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  • Writer's pictureMike Piddock

A spotlight on... STEPS: Changing lives affected by childhood lower limb conditions

At GoodFX, we are committed to supporting small charities making a significant impact on the lives of those in need. Our "Spotlight" series, launched as part of our Theory of Change, focuses on highlighting one small charity each month. This initiative not only provides exposure but also serves as a bridge, connecting potential donors with deserving causes.


We had the privilege of chatting with Ken Sanderson, the General Manager of STEPS, the leading charity dedicated to those affected by childhood lower limb conditions. We wanted to help him shed light on the incredible work STEPS is doing and its plans for the future.


STEPS was founded in 1980 by a compassionate woman whose child was born with clubfoot. Clubfoot is a condition where the lower limbs are misshapen, often with one or both feet at right angles to their natural position.


The charity's mission is to support parents with new-borns facing similar lower limb challenges. STEPS aims to reassure families that they are not alone by providing guidance and assistance throughout the child's treatment journey.


Current outreach efforts

STEPS primarily works with NHS Trusts, with approximately 80% awareness among trusts in England. Ken's goal is to reach every NHS Trust in the UK, ensuring that every parent with a child born with lower limb conditions receives holistic support.


The charity aims not only to ensure parents have the information to access the very best services available, but also to address the mental health and well-being of parents facing these challenges.


Real impact on children's lives

The work that STEPS does is very real and important to the young people affected by this. Ken mentions a16-year-old girl who had previously undergone successful treatment for clubfoot. However, in the last six months, she encountered a perplexing challenge—she found herself unable to place her foot flat on the floor.


The physiotherapist identified the issue as a growth discrepancy in her leg bones. Specifically, the front part of her leg was growing at a faster rate than the back, preventing her from placing her heel down. Effectively, the bottom of the girl's leg was not entirely sealed due to natural growth patterns. The suggested intervention was to perform a local procedure, inserting a stainless steel plate across the front part of her bone. This strategic placement would facilitate even growth, enabling the back of the bone to catch up. After a period of growth, the plate could be removed, promising a swift resolution to the newfound challenge.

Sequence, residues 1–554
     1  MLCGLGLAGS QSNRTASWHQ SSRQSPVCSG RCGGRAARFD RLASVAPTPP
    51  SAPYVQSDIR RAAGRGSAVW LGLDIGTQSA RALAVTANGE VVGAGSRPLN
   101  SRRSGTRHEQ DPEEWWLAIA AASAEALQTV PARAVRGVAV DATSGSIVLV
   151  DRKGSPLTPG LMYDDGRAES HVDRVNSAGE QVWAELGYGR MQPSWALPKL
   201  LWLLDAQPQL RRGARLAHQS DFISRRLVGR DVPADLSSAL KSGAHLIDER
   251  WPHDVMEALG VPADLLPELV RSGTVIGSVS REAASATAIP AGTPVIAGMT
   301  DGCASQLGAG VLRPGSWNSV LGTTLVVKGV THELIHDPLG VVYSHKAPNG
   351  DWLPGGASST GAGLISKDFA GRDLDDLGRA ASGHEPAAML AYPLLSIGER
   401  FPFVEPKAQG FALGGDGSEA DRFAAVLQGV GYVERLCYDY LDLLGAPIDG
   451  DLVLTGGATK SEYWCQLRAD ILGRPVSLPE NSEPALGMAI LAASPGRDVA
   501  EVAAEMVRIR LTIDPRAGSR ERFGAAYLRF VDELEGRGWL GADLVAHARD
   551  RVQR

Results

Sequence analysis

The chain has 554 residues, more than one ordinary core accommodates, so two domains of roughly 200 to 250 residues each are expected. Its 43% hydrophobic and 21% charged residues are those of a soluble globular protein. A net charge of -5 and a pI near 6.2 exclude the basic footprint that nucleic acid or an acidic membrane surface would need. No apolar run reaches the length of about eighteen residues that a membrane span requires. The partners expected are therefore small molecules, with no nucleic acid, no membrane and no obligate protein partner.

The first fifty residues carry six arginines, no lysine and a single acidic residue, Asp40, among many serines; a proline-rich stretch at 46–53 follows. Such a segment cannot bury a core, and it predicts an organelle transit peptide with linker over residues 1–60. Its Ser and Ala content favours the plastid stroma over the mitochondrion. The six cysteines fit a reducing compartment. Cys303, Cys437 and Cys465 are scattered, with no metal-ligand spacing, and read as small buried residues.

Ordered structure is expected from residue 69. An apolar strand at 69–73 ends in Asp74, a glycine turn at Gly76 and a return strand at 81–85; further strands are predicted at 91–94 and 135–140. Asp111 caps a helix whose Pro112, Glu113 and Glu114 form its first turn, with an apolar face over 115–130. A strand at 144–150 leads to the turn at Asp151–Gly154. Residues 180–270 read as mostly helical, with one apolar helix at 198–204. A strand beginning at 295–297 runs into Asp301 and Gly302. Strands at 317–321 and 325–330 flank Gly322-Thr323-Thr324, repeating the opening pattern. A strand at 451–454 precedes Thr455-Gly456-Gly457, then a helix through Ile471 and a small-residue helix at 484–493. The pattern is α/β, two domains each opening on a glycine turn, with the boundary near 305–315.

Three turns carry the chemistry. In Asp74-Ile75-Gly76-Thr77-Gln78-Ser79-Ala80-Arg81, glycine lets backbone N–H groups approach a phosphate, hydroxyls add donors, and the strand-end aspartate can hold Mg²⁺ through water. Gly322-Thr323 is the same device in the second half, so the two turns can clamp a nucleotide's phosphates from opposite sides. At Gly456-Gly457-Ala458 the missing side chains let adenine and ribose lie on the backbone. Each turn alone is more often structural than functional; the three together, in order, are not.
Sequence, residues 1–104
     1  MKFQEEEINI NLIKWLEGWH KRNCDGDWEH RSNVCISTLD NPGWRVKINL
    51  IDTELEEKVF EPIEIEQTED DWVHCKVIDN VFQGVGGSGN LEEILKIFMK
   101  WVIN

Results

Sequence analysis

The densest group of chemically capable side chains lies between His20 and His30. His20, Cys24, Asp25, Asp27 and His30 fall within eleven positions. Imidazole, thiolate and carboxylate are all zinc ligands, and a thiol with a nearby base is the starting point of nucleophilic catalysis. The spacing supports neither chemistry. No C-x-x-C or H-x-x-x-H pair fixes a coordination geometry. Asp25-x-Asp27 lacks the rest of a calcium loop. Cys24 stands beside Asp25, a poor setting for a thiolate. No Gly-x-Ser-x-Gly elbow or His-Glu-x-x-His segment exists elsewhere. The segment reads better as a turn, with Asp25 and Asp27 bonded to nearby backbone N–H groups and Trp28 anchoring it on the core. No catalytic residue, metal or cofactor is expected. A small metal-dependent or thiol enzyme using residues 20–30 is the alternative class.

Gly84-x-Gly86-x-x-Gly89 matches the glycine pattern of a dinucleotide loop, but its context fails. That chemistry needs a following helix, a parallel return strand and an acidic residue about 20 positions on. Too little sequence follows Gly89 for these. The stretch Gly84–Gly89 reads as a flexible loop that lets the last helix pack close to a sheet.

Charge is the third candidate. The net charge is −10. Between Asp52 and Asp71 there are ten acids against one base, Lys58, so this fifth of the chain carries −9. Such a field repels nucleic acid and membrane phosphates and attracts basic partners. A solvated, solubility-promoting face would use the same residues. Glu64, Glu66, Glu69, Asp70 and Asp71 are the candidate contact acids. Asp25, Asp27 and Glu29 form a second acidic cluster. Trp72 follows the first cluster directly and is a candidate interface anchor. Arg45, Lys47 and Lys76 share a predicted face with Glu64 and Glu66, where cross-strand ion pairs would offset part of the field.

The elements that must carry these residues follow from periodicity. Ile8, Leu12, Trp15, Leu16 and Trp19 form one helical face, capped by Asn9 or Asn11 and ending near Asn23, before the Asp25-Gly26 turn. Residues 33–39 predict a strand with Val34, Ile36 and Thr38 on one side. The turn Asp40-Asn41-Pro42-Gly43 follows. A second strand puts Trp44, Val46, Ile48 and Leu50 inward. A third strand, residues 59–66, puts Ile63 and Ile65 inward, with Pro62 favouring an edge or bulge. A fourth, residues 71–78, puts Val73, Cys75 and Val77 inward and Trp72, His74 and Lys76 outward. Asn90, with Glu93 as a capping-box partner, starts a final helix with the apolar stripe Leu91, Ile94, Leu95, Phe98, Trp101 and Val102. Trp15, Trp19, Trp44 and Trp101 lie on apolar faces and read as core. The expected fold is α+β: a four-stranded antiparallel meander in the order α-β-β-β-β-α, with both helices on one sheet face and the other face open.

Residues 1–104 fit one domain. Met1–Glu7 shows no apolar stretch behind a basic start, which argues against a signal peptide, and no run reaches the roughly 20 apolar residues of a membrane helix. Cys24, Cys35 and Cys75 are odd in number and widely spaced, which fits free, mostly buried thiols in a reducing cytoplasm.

Future plans

With desires to expand worldwide put on the back burner due to COVID, the STEPS team has worked hard to restore financial stability, and once again STEPS is looking to the future. While the global expansion dream is on hold, the immediate focus is on ensuring that every family in the UK receives comprehensive support.

World Clubfoot Day

Ken highlighted World Clubfoot Day, observed on 3rd June, as an opportunity to raise awareness. This day serves as a platform to inform parents, families, and the wider community about clubfoot and similar conditions. STEPS actively participates in this global initiative, contributing to discussions on radio and TV to promote awareness.


STEPS embodies resilience and commitment to making a difference in the lives of children and families dealing with lower limb conditions.


How you can help

To support STEPS in their mission, consider making a donation through their website. Every contribution aids in outreach programs, medical services, and supporting families affected by childhood lower limb conditions.



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